Dermaplaning: Would you scrape your face in the quest for smoother skin?

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Jacqueline Kilikita
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Dermaplaning, a fast-track treatment to a better complexion, is currently taking the beauty industry by storm. We walk you through this unusual exfoliation technique.

Following the  ban on microbeads, more and more of us are looking to incorporate different methods of skin exfoliation into our beauty regimes. But if you aren’t keen on acids, you might be sold on dermaplaning. 

Beloved by beauty editors and skin specialists alike, the treatment promises clearer, radiant and more even-toned skin.

Here, Stylist answers your questions about it.

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What is dermaplaning?

Not as scary as it sounds, especially when undertaken by a professional, dermaplaning is a form of mechanical exfoliation, where both dead skin cells and vellus hairs (the fine hairs on your face, otherwise known as ‘peach fuzz’) are scraped away from the surface of the skin using a sterile surgical scalpel. 

What happens during dermaplaning?

Dermaplaning treatments will vary wherever you go but the concept is more or less the same.

Skin expert and Harley Street-based aesthetic doctor Dr David Jack performs dermaplaning in combination with skin peels, first cleansing the skin with antiseptic, then applying a light exfoliant before gently ‘shaving’ the face of skin cells and fine hairs. Skin-perfecting serums and a high-factor SPF follow.

What does dermaplaning do for your skin?

According to experts, the benefits of dermaplaning are pretty much endless.

“Dermaplaning triggers the cell regeneration process, which helps to improve, soften and smooth the appearance of acne scarring, hyperpigmentation and sun damage,” says cosmetic doctor and skin expert Dr Jonquille Chantrey.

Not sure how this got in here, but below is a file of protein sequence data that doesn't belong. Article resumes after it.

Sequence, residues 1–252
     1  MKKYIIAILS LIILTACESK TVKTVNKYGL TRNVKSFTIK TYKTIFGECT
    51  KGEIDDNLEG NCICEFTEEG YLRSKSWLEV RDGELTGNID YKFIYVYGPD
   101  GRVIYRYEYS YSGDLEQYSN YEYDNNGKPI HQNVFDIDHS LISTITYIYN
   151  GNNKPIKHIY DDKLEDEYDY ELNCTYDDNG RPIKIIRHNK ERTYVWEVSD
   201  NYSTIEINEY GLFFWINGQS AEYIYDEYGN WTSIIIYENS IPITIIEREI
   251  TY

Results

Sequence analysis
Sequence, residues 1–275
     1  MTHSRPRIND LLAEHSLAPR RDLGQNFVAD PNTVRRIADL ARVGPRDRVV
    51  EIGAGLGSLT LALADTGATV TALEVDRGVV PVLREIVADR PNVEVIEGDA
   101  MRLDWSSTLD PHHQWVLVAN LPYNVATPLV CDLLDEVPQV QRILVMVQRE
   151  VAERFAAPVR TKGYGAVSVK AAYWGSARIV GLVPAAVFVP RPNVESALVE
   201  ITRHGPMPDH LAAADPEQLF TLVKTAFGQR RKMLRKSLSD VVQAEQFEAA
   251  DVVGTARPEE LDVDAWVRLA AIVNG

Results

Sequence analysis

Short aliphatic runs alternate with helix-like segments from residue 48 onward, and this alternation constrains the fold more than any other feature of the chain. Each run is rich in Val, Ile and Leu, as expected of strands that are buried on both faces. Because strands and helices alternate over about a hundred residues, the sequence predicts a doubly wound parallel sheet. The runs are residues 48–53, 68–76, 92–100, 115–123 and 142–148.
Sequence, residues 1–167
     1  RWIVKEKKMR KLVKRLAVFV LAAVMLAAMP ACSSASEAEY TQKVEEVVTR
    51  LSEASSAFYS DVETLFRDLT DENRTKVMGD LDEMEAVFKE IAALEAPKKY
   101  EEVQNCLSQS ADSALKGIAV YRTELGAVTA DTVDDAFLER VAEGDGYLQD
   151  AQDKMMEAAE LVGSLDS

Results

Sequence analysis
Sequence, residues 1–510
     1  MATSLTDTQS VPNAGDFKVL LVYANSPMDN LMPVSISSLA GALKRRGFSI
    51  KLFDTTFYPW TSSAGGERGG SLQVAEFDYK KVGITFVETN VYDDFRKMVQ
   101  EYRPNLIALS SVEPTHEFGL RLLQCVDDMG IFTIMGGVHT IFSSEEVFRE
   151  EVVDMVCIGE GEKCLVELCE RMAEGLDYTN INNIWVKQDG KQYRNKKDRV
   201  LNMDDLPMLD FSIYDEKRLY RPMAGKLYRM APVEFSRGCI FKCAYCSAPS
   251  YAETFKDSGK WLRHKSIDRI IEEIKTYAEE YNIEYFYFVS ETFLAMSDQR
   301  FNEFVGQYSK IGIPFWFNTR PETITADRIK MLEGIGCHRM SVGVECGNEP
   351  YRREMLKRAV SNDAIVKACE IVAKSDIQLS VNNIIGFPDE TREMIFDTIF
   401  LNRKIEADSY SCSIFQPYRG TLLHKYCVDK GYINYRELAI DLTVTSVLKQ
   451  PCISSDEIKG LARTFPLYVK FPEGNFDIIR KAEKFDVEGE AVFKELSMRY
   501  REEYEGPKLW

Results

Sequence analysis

But radiant skin isn’t the only plus. Dermaplaning specialists at Woodford Medical say the removal of dead skin cells during the treatment maximises the absorption of skin peels, as well as serums and moisturisers, which means you’ll get much better results from your army of expensive skincare products.

What does dermaplaning feel like?

Don’t let the word ‘scalpel’ put you off. During dermaplaning, you can expect a slightly cold, scraping sensation (a bit like shaving your face with a razor blade). It’s slightly unusual but not remotely painful.

What is the aftercare like?

Unlike treatments such as microneedling or acid peels, there isn’t any major downtime, so you can brave the outside world without the fear of scaring everyone off. Jack tells us the skin will be a little pink and dry for a day or so, but that it usually looks its best a few days after dermaplaning. Patience is a virtue, after all.

Also, make sure you stock up on a high-factor SPF, either 30 or 50, to protect your skin – which is likely to be a little sensitive post-treatment – from UV damage. Dermatologists rate Heliocare Advanced SPF 50 Gel, £19.

Is dermaplaning safe?

Dermaplaning is a safe skin treatment, but Dr Anjali Mahto, consultant dermatologist and British Skin Foundation spokesperson, says it should be avoided in those with acne or pigmentation problems. Why? They could potentially become worse.